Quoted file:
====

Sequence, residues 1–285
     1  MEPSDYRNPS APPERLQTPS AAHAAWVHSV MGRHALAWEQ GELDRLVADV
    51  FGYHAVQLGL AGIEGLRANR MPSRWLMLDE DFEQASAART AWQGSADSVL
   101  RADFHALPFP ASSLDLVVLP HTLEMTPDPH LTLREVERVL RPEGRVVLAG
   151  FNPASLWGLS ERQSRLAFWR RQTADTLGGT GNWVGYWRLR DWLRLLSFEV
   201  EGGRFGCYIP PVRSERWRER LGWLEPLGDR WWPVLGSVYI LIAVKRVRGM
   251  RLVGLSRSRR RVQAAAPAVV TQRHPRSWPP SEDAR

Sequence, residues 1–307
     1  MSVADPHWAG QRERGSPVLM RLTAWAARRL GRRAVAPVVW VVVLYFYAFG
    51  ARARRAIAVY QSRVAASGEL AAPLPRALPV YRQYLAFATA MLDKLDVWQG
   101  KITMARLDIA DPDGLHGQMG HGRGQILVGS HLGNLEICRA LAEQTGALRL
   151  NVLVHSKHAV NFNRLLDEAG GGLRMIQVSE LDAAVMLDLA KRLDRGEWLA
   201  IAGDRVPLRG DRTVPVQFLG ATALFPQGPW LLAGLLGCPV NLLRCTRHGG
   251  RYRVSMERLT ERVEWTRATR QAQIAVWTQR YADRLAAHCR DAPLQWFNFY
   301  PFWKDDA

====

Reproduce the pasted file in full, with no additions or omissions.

Sequence, residues 1–285
     1  MEPSDYRNPS APPERLQTPS AAHAAWVHSV MGRHALAWEQ GELDRLVADV
    51  FGYHAVQLGL AGIEGLRANR MPSRWLMLDE DFEQASAART AWQGSADSVL
   101  RADFHALPFP ASSLDLVVLP HTLEMTPDPH LTLREVERVL RPEGRVVLAG
   151  FNPASLWGLS ERQSRLAFWR RQTADTLGGT GNWVGYWRLR DWLRLLSFEV
   201  EGGRFGCYIP PVRSERWRER LGWLEPLGDR WWPVLGSVYI LIAVKRVRGM
   251  RLVGLSRSRR RVQAAAPAVV TQRHPRSWPP SEDAR

Sequence, residues 1–307
     1  MSVADPHWAG QRERGSPVLM RLTAWAARRL GRRAVAPVVW VVVLYFYAFG
    51  ARARRAIAVY QSRVAASGEL AAPLPRALPV YRQYLAFATA MLDKLDVWQG
   101  KITMARLDIA DPDGLHGQMG HGRGQILVGS HLGNLEICRA LAEQTGALRL
   151  NVLVHSKHAV NFNRLLDEAG GGLRMIQVSE LDAAVMLDLA KRLDRGEWLA
   201  IAGDRVPLRG DRTVPVQFLG ATALFPQGPW LLAGLLGCPV NLLRCTRHGG
   251  RYRVSMERLT ERVEWTRATR QAQIAVWTQR YADRLAAHCR DAPLQWFNFY
   301  PFWKDDA